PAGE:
The thing I’ve come to like best about Electric Dreams is how every episode is completely different. Not just in terms of conceit, but voice, strengths, flaws, and even basic approach. Ultimately, it seems that Philip K. Dick’s name was crammed into the title as a selling point, while each episode took the loose framework of his stories to make something new. I have a feeling hardcore fans of his work will be disappointed about that choice, but I’m ecstatic about it — and not just because slavishly adapting work written in the ’50s and ’60s can be problematic. Every time I started an episode, I had no idea what I was going to get. I’ve genuinely come to love that surprise element, even if the number of misses in this hit-and-miss anthology series is much higher than the number of hits. But with that, I’m sad to report that we unfortunately end the season on a miss.
“Kill All Others” is a simple parable about our modern slide into fascist hate speech, as well as the emotional cost it takes on those who refuse to shrug it off. I was incredibly excited to see this episode, as it was written and directed by Dee Rees (Pariah, Mudbound), whose raw, realist work deserves endless eyeballs. But it suffers the same fate of a lot of sci-fi: It’s stuck in a kind of no-man’s land. It’s not funny or scathing enough to be satire, nor is it emotionally grounded enough to be moving. Which means it coasts along the surface when it should cut to the bone.
On the other hand, the episode does feature a performance by Mel Rodriguez, a great character actor who you may recognize from Last Man on Earth and Better Call Saul. He plays Philbert Noyce, a quality-control factory worker who both oozes decency and can’t stomach the hate speech being offered up by a presidential candidate (Vera Farmiga). The key word here being “candidate” — as in singular, implying that America has slid into a one-party system.
That is something I have questions about, because I genuinely can’t tell what Rees is after here. Is she suggesting that our two-party system is an inherently limited spectrum? That both parties evoke the same nationalist fervor? By including the very overt language of “Yes, us can!” is the episode casting the Obama administration into that same bucket? Or is this all just an allegory about how America could easily get overtaken by an authoritarian dictator and most citizens wouldn’t notice? If “Kill All Others” wants to take on life under a police state, I didn’t see nearly enough to support that idea. I just can’t tell what all these cultural touchstones are meant to add up to.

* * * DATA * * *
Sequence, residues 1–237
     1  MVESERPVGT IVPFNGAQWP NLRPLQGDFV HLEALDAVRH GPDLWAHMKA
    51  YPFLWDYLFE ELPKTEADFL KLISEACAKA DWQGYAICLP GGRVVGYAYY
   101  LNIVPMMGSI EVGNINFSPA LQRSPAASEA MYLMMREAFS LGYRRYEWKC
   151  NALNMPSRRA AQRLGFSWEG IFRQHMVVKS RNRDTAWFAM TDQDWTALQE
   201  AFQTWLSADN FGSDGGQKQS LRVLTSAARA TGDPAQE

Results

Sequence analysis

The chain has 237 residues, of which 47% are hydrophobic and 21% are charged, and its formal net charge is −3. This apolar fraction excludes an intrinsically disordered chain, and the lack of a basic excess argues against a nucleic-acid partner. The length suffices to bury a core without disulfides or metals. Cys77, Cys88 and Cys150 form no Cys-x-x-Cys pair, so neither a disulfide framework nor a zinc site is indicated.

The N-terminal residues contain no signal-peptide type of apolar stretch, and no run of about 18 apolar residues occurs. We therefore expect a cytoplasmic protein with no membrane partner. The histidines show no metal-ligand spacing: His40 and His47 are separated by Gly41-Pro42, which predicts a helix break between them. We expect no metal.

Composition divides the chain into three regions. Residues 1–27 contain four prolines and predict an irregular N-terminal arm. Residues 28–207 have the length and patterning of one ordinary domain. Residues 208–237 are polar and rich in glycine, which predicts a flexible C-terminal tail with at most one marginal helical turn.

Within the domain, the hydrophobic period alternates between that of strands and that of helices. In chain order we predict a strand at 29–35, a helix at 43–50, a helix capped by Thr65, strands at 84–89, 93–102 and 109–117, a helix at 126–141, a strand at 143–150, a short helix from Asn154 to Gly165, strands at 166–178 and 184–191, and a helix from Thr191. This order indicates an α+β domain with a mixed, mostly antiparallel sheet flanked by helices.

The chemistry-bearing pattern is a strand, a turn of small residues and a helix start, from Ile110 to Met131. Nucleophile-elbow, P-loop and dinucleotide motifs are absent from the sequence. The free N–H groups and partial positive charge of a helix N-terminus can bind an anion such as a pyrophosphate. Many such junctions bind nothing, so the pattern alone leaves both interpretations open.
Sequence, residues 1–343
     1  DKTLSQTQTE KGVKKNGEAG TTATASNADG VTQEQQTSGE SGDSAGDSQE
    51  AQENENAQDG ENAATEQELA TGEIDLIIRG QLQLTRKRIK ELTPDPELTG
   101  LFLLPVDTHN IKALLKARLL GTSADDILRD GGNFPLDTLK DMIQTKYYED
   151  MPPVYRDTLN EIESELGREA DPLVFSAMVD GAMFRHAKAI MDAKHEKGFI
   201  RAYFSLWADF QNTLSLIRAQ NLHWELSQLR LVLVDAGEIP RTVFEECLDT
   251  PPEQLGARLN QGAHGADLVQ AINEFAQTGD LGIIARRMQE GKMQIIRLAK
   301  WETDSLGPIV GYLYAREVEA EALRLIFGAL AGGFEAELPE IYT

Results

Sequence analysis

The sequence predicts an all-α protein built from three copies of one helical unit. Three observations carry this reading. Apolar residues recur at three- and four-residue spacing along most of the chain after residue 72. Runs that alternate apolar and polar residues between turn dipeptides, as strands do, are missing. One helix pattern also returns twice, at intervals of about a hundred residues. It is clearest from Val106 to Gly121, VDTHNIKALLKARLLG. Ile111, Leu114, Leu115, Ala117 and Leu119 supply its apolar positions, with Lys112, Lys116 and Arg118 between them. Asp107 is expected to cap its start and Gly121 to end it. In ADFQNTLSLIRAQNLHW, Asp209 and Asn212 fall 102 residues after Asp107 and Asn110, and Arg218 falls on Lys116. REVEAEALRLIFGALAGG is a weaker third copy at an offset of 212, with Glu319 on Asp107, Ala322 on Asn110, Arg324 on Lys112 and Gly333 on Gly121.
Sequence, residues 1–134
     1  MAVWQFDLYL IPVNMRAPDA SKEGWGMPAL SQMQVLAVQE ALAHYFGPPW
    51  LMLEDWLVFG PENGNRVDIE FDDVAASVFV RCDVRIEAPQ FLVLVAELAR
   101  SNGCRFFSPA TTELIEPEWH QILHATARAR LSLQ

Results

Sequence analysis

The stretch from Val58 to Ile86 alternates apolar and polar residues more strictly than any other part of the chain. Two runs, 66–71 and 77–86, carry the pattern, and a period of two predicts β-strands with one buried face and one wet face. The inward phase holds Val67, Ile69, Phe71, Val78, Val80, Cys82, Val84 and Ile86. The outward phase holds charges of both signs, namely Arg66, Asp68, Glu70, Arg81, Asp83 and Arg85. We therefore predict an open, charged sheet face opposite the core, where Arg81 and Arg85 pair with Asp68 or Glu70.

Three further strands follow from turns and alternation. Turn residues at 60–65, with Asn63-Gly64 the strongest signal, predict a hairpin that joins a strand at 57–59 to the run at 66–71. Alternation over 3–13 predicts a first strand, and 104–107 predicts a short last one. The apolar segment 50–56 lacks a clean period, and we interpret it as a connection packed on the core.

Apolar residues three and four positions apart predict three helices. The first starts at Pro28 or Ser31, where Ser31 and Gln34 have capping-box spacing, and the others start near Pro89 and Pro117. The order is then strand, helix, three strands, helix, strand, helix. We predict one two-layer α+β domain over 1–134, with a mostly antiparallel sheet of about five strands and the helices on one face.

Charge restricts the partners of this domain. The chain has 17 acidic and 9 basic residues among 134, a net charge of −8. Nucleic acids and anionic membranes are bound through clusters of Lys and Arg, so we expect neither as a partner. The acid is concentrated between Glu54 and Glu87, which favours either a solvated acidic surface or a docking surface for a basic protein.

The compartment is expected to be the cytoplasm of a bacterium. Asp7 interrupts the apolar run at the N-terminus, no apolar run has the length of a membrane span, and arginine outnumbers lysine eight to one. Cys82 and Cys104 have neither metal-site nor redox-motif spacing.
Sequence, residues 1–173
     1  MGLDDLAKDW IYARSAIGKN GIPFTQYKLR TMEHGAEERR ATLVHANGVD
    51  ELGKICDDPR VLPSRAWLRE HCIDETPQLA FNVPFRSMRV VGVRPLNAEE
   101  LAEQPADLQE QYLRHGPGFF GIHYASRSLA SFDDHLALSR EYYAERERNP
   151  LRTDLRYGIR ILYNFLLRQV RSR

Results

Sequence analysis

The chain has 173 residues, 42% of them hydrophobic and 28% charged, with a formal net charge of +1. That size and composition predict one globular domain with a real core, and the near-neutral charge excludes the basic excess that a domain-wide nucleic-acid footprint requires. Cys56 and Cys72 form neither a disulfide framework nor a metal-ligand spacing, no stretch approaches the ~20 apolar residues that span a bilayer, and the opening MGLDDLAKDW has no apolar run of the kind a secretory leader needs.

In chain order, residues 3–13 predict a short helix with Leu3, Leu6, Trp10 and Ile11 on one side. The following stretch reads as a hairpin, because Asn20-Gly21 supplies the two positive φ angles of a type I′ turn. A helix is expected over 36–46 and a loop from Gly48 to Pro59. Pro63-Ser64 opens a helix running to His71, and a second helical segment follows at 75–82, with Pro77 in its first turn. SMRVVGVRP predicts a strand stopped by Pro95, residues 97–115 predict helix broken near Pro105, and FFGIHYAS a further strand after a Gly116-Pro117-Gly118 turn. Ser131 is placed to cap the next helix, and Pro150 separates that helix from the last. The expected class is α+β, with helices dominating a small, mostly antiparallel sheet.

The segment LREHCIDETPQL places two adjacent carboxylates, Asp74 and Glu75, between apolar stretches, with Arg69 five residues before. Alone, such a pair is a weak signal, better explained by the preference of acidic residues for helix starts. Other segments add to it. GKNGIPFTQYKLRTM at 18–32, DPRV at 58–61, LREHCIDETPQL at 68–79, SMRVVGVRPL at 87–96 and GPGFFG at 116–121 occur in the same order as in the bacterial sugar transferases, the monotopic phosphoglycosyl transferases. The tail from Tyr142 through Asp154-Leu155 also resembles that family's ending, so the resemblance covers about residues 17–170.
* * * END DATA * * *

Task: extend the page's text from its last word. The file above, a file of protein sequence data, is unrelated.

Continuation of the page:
But as much as I’m at a loss in trying to decipher the episode’s take on modern politics, it’s much more clear with regards to the feeling underneath it. Noyce’s experience is an obvious parable to living in the Trump era: Every day presents another gross affront to humanity, an outrage so justifiable as to be sickening. And yet, people just want to go on with their lives. They shrug it off as usual politics, except it’s not. “Kill All Others” is strongest whenever it pivots to this chilling idea, as Noyce starts doubting his own sanity simply because nobody else seems to care.
To which I can’t help but think back to Philip K. Dick’s original story, “The Hanging Stranger,” in which this was all a clear parallel to lynchings in the South. It spoke to a time when white society merely shrugged about a black person being hanged, when America would act like such a murder was acceptable. So, why doesn’t Rees make that parallel directly? Is it because sci-fi always tends toward metaphor? Well, that question brings us to the matter of authorship and identity: An artist who makes a film like Mudbound clearly has a deep understanding of America’s cruel racial history. Rees knows the history of “strange fruit” all too well, and she know what it’s like to be othered in more ways than one, so it’s especially important that “Kill All Others” offers us the language of inclusion. Rees is bringing us into the larger truth of reflexivity and the minority experience in a way that is genuine. Which means that at the core, the biggest message of the episode is one that rings most true.
Which is why it stinks that the episode suffers from three big problems. The first is the aforementioned issue of tone. The second is a broader problem with its use of paranoia: As Noyce’s life spins out of control, he does out-of-character things like punching his wife and immediately fretting before he becomes a puppet of the state. (There’s too much “Safe and Sound” here for comfort.) The last problem, and perhaps the biggest, is that Noyce’s struggle develops in a dramatically static way. Even as the intensity builds, we essentially see the same conflict over and over.
Which brings us to the soul-crushing crux of it all: The storytelling of “Kill All Others” faces the same problem that we face every day. For when it comes to the monotonous nature of Trumpian outrage and horrors, the ugliest truths can stare us right in the face again and again and again, and what if they don’t evolve or form some grander narrative? Then we react with boredom or escalate to anger, because we simply aren’t emotionally equipped to handle that monotony. Just like we can’t handle monotony in a story itself. Perhaps this is a crushing meta-truth that Rees intended, but the problem with politics and drama remains: In the end, you still gotta move the audience.